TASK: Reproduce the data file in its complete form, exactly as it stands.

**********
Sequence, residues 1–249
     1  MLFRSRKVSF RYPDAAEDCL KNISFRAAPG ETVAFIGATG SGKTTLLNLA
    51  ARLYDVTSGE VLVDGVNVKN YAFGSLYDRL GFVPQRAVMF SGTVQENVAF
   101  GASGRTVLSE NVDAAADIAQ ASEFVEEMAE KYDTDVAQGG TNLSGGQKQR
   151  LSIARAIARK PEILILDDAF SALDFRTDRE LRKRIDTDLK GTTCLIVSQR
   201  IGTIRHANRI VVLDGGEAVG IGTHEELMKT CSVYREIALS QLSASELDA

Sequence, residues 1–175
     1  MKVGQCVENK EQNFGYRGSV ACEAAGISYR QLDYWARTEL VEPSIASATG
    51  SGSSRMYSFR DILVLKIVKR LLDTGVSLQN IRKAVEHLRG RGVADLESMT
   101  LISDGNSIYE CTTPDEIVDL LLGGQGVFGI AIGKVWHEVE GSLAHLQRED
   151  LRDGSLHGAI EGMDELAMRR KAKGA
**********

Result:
Sequence, residues 1–249
     1  MLFRSRKVSF RYPDAAEDCL KNISFRAAPG ETVAFIGATG SGKTTLLNLA
    51  ARLYDVTSGE VLVDGVNVKN YAFGSLYDRL GFVPQRAVMF SGTVQENVAF
   101  GASGRTVLSE NVDAAADIAQ ASEFVEEMAE KYDTDVAQGG TNLSGGQKQR
   151  LSIARAIARK PEILILDDAF SALDFRTDRE LRKRIDTDLK GTTCLIVSQR
   201  IGTIRHANRI VVLDGGEAVG IGTHEELMKT CSVYREIALS QLSASELDA

Sequence, residues 1–175
     1  MKVGQCVENK EQNFGYRGSV ACEAAGISYR QLDYWARTEL VEPSIASATG
    51  SGSSRMYSFR DILVLKIVKR LLDTGVSLQN IRKAVEHLRG RGVADLESMT
   101  LISDGNSIYE CTTPDEIVDL LLGGQGVFGI AIGKVWHEVE GSLAHLQRED
   151  LRDGSLHGAI EGMDELAMRR KAKGA